Whether seen in a weather-beaten fence post, in an empty cornfield after harvest, or in the wrinkled face of an old man, Andrew Wyeth's paintings bear witness to the passage of time. Washington and Lafayette is among Wyeth's most direct representations of this theme, as the painting reveals the artist's great sense of the passage of time and history on American soil. Wanda Corn has noted the importance of the temporal qualities in Wyeth's work, writing, "Time stops as his paintings make permanent what we know to be transitory. Paths and tracks in the snow or sand, or birds in flight become as fixed and static as ancient hieroglyphs; a sunbeam's playfulness on a wall, a patch of snow in the sun, or a fleeting flush of anger on his wife's cheek are made timeless and unchanging." (The Art of Andrew Wyeth, Fine Arts Museum of San Francisco, San Francisco, California, 1973, p. 155)
Washington and Lafayette reveals Wyeth's fascination with the unique circumstances of American history. The painting depicts two great generals during America's struggle for independence from Great Britain -- one American, the other French -- as they gaze across the Pennsylvania farmland and confer about tactics, plans, and topography. Washington and Lafayette represents the change from the Old World to the New as well as the transformation from monarchy to democracy. The painting also brings to mind the sense of history that can be felt in the coutryside around the Brandywine River and Chadds Ford.
Wyeth painted Washington and Lafayette in response to a particular historical event that took place during the American Revolution. On September 10, 1777, the morning before the Battle of Brandywine, General Washington and the Marquis de Lafayette were standing on a hill overlooking the Brandywine River discussing battle plans. Three British officers spotted the two figures standing in the open. One of the British officers asked his captain permission to fire at them, but his request was denied, as the British feared the gunshots would reveal their cover and foil their strategy to ambush the American troops. Washington and Lafayette underscores the role of chance in the historical account, and it also reveals a sense of predestiny in the American's struggle for independence.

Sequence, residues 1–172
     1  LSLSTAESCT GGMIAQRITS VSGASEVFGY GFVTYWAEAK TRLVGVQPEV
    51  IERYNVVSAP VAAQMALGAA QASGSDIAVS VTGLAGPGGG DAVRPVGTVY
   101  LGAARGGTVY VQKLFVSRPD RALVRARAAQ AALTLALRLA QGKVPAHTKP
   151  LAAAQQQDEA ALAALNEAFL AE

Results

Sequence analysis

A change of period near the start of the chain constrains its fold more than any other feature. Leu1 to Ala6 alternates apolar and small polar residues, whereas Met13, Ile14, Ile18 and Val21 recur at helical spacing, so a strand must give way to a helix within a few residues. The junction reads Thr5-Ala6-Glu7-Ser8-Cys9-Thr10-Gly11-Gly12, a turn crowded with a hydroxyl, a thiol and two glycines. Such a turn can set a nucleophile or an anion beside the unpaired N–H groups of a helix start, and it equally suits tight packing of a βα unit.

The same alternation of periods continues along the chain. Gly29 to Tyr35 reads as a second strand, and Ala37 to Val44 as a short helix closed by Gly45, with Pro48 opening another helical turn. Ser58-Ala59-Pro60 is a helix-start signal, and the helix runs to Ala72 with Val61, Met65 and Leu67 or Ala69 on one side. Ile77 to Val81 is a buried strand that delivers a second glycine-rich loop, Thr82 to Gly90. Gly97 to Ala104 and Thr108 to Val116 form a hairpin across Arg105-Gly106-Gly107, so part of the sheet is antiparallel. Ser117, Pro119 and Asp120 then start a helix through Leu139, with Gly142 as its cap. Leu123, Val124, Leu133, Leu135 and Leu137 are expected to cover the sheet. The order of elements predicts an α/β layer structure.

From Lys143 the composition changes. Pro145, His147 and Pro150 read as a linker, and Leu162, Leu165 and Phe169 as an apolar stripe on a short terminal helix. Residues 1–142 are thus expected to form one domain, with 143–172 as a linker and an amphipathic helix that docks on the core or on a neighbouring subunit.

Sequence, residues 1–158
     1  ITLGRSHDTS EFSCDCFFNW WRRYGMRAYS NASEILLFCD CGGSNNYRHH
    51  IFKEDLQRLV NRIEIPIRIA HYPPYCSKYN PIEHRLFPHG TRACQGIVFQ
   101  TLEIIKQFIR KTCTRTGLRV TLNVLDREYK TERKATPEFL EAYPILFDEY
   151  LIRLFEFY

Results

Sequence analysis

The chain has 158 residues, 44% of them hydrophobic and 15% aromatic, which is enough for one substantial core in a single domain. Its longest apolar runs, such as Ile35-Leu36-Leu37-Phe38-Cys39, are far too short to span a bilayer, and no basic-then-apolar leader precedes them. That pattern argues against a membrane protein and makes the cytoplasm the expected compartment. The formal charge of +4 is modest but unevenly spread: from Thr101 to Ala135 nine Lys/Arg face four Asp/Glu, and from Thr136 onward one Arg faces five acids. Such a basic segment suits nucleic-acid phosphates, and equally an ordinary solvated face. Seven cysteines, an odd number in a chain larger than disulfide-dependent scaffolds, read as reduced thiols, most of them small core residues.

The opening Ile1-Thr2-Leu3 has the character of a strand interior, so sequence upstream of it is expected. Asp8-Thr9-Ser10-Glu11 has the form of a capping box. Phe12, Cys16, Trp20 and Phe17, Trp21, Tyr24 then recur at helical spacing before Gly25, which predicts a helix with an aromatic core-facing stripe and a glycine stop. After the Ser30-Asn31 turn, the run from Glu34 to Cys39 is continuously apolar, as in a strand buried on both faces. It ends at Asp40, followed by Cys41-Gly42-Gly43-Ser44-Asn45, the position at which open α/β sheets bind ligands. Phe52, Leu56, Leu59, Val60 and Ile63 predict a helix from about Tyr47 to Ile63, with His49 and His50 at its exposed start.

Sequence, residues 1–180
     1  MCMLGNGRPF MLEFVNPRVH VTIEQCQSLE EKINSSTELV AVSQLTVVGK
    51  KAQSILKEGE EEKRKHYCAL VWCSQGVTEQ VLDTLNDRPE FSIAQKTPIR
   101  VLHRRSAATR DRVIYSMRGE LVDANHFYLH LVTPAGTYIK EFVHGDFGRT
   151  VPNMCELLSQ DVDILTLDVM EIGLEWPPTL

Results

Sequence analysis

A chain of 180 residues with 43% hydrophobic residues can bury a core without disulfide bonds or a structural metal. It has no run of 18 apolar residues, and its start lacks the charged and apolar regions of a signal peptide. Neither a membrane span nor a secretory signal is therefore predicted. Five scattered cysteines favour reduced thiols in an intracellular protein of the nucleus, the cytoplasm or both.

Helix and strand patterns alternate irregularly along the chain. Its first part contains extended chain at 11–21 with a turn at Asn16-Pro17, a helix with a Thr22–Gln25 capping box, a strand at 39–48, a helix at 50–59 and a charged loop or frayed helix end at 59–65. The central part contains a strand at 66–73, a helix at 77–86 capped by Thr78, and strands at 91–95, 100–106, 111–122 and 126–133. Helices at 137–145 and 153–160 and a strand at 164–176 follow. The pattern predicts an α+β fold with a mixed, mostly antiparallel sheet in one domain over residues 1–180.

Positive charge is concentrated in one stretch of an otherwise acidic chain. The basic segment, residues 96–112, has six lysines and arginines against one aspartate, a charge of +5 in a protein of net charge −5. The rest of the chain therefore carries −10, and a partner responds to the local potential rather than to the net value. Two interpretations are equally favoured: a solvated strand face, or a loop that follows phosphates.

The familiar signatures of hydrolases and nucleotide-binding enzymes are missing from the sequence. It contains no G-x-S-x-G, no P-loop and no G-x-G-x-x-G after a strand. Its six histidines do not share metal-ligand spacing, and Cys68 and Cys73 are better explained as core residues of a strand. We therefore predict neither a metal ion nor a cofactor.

Wyeth executed Washington and Lafayette in 1954, a period when he had already achieved considerable success. By this time Wyeth had also perfected his painting technique in tempera, a medium that allows for great detail but also retains the refined sense of surface that is so important to Wyeth's paintings. Such detail can be seen in the graceful folds of Washington's uniform, in the probing face of Lafayette, or in the stone barn seen across the valley. Wyeth himself has described the qualities of the medium, "Tempera is, in a sense, like building, really building in great layers the way the earth itself was built . . . I think the real reason tempera fascinated me was that I loved the quality of the colors, the terra verde, the ochers, the reds . . . I really like tempera because it has a cocoon-like feeling of gray lostness -- almost a lonely feeling." (Two Worlds of Andrew Wyeth, Metropolitan Museum of Art, New York, 1976, p. 34) Washington and Lafayette reflects these sentiments, as the medium of tempera is perfectly adapted to expressing his sense of timelessness and history.
This painting will be included in Betsy James Wyeth's forthcoming catalogue raisonné of the artist's work.